Plaintiff alleges that the Board proceedings were conducted in violation of SUNY Maritime's internal regulations as codified in the revised Manual. According to the revised Manual, the Suitability Hearing Board must "[gather] and examin[e] all available records and/or witnesses relative to the cadet's performance as both a student and member of the Regiment of Cadets." (Def. Exh. 11, § 3404.4(1).) The Board must "hear any testimony or receive any evidence that will contribute to a full and fair determination of the case." (Id. § 3404.5(6).) Because Plaintiff's Suitability Board also acted as a Disciplinary Board (see Def. Exh. 13), it had the additional duty of "gathering and examining all available evidence and/or witnesses relative to the offense(s) charged." (Def. Exh. 11, § 3404.3(1).) Notwithstanding these requirements, however, Smith acknowledged that "[t]here were no live witnesses, and there was no substantive testimony" at Plaintiff's hearing. (Smith Decl. ¶ 9.) Defendants' Exhibit 13, which is a copy of the Board's report recommending Plaintiff's disenrollment, states not that the Board considered "documentary evidence," but that the Board "consider[ed] all the charges, and deem[ed] them to be true." (Def. Exh. 13) (emphasis added).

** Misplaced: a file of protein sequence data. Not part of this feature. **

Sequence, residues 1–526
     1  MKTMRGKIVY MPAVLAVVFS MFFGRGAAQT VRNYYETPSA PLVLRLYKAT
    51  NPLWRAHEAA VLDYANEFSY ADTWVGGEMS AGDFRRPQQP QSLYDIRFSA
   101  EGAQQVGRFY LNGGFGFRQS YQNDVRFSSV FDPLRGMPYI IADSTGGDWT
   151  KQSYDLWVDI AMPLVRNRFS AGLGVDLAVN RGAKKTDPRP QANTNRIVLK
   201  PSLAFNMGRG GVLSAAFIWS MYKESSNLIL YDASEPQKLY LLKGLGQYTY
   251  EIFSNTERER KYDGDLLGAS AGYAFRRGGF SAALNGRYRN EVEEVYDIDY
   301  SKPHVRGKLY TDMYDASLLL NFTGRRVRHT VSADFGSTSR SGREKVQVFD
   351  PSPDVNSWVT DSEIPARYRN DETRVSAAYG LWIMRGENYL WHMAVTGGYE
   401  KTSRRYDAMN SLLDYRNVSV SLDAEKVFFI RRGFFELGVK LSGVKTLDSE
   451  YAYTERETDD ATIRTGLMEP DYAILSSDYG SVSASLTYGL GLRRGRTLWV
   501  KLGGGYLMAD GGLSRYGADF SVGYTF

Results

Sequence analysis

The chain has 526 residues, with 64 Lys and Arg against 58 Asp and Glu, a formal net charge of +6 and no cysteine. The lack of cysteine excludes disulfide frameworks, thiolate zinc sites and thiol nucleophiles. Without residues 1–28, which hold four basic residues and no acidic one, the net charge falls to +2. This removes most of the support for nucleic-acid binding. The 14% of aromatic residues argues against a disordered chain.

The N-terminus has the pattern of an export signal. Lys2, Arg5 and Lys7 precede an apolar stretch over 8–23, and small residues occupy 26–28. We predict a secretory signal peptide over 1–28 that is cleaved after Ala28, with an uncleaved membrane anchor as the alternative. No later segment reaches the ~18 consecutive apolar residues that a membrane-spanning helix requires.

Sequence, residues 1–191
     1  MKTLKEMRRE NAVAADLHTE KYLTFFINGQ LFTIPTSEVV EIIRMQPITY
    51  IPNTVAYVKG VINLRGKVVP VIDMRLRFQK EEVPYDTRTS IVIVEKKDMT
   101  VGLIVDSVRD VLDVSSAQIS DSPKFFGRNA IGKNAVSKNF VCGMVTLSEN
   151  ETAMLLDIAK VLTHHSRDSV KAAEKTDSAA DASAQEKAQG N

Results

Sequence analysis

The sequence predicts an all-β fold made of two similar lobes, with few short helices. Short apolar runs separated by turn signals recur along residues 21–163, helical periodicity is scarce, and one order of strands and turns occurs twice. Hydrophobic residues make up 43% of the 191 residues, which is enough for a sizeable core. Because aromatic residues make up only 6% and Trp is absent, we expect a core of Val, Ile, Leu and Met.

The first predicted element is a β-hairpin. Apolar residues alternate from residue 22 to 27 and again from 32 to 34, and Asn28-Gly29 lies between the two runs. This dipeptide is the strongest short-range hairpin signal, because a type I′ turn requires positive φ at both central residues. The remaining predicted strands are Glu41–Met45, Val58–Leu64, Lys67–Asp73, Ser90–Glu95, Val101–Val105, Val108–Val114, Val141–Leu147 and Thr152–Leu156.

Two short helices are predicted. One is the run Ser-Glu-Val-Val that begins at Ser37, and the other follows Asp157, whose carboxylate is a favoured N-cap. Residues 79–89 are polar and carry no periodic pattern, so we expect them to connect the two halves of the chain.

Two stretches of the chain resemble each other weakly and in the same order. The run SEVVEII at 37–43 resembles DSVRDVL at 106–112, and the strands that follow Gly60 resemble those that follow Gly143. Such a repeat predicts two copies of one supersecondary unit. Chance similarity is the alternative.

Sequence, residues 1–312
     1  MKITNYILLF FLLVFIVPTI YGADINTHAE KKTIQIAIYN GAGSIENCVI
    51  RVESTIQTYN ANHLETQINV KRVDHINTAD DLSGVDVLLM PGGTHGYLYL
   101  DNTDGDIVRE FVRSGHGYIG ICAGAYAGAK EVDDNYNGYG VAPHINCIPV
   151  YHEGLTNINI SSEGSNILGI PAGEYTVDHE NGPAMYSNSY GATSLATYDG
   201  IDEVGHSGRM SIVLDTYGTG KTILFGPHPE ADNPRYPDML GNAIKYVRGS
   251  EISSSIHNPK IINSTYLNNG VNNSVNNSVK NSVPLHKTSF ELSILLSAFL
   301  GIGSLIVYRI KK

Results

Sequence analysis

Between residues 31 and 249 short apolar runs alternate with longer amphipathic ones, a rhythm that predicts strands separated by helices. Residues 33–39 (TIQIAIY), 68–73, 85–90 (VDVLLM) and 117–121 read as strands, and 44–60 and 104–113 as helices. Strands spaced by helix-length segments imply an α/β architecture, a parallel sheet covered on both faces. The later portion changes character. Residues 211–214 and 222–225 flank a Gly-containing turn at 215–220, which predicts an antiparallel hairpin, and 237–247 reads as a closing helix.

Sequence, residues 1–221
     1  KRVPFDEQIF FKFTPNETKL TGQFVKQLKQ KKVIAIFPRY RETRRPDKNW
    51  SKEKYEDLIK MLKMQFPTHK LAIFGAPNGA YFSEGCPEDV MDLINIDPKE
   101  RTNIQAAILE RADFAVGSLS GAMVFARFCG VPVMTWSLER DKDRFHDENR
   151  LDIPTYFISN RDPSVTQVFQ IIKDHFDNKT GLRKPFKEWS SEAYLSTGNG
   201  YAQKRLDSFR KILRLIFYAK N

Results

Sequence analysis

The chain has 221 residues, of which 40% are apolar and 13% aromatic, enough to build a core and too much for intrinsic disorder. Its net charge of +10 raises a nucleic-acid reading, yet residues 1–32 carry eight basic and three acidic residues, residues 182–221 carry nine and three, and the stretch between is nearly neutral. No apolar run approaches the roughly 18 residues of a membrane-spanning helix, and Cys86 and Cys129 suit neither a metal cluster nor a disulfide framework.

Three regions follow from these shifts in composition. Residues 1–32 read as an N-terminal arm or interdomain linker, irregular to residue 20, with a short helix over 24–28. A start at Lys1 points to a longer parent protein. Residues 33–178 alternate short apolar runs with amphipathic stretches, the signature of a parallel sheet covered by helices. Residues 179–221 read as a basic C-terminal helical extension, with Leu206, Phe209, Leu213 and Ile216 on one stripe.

Smith was then required, pursuant to the revised Manual, to "review the report of the Board" prior to rendering his decision as to Plaintiff's culpability and punishment. (Def. Exh. 11, § 3404.5(11)) (emphasis added). Smith signed a memorandum on March 26, 2003 concurring with the Board's decision, thereby disenrolling Plaintiff. (Def. Exh. 14; Smith Decl. ¶ 11.) After the issuance of Smith's disenrollment order, SUNY Maritime notified ICE of Plaintiff's disenrollment on March 26, 2003. (Cline Decl. ¶ 13; Def. Exh. 16.) Consequently, on January 29, 2004, Plaintiff was deported due to his failure to maintain student status as required by his student visa.